Saturday, November 28, 2009

St. Cyprian - The Lord's Prayer

Yesterday's Office of Readings has a sermon on mortality by St. Cyprian. Not too familiar with St. Cyprian I did a Google search and found his work on the Lord's Prayer which I found interesting and rewarding. I thought I would share it, so I converted it into a Microsoft Word document.

St. Cyprian is an early Church Father, Bishop and Martyr, 200-258.

You can download it here.

Thursday, November 26, 2009

The Economy of Life

Caritas et Veritas has a good post entitled The Economy of Life. It starts:

The economy is in the spotlight daily. It is discussed frequently on the news, on blogs, and around water coolers. There is a sense of anxiety and worry among many. We have tightened our wallets, reexamined our budgets, and many have had to look for new jobs. On a national level we have bailed out banks and companies at unprecedented levels. Perhaps one of the areas that has not been discussed is the impact the economy is having on life issues and is there a type of economy that protects life over another.

First, according to the Associated Press, there is an increase in abortions due to lack of money to pay for an abortion. Stephanie Poggi of the National Network of Abortion Funds, which helps women in need pay for abortions, said calls to the network’s national helpline have nearly quadrupled from a year ago. “A lot of women who never thought they’d need help are turning to us,” Poggi said. “They’re telling us, ‘I’ve already put off paying my rent, my electric bill. I’m cutting back on my food.’ They’ve run through all the options.”

Babies are viewed as too expensive and too big a burden on the women, and thus the reasoning goes their best option is abortion. Planned Parenthood and other such groups prey on the anxieties and fears that these women and couples are experiencing. Instead of trying to help the couple get on their feet financially, they instead fund the abortion.

Read the rest here.

Happy Thanksgiving

Now Thank We All Our God - Performance Artist
H/T The Deacon's Bench

10 Reasons Why Modernist Christianity Will Die

Fr. Longenecker has a great article. It starts:

Modernist Christianity must eventually die or cease to be Christian. At this time modernism still wears Christian clothes in the mainstream Protestant churches and in parts of the Catholic Church. This cannot last much longer for some very simple reasons:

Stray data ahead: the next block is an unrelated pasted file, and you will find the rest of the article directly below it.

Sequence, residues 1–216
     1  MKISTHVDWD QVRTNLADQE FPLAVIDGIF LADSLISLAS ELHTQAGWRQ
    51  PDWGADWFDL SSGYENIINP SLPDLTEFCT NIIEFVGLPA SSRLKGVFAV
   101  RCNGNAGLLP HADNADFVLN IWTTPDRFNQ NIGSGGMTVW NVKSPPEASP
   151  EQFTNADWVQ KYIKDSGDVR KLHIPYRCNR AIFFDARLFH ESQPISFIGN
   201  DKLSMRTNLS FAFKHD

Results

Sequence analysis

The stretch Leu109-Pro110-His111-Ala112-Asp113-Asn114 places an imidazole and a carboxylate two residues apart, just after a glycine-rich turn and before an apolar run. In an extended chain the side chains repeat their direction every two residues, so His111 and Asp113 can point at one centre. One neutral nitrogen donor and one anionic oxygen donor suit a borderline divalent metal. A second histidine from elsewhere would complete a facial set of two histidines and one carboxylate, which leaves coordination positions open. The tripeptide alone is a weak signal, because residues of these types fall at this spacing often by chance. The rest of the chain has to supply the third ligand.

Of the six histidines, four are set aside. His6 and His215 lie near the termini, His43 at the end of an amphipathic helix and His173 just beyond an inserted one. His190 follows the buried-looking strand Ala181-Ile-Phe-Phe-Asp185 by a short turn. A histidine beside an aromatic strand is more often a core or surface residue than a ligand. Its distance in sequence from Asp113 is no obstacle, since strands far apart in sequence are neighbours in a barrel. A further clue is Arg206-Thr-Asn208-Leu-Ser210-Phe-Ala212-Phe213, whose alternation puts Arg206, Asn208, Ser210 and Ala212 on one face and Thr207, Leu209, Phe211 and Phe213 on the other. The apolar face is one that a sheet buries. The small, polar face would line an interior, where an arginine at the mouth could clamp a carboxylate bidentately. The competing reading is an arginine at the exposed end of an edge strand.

1. Modernists deny supernaturalism and therefore they are not really religious. Now by 'religion' I mean a transacton with the supernatural. Religion (whether it is primitive people jumping around a campfire or a Solemn High Mass in a Catholic Cathedral) is about an interchange with the other world. It is about salvation of souls, redemption of sin, heaven, hell damnation, the afterlife, angels and demons and all that stuff.

Modernists don't deal in all that. For them religion is a matter of fighting for equal rights, making the world a better place, being kind to everyone and 'spirituality'. It doesn't take very long for people to realize that you don't have to go to church for all that. So people stop going, and that eventually means the death of modernist Christianity. The first generation of modernist Christians will attend church regularly. The second will attend church sometimes. The third almost never. The fourth and fifth will not see any need for worship. They will conclude that if religion is no more than good works, then the religious ritual is redundant.

See the rest here:
10 Reasons Why Modernist Christianity Will Die

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Wednesday, November 25, 2009

Sunday, November 22, 2009

Rescuing baby ducks from a pool


Saturday, November 21, 2009

The Manhattan Declaration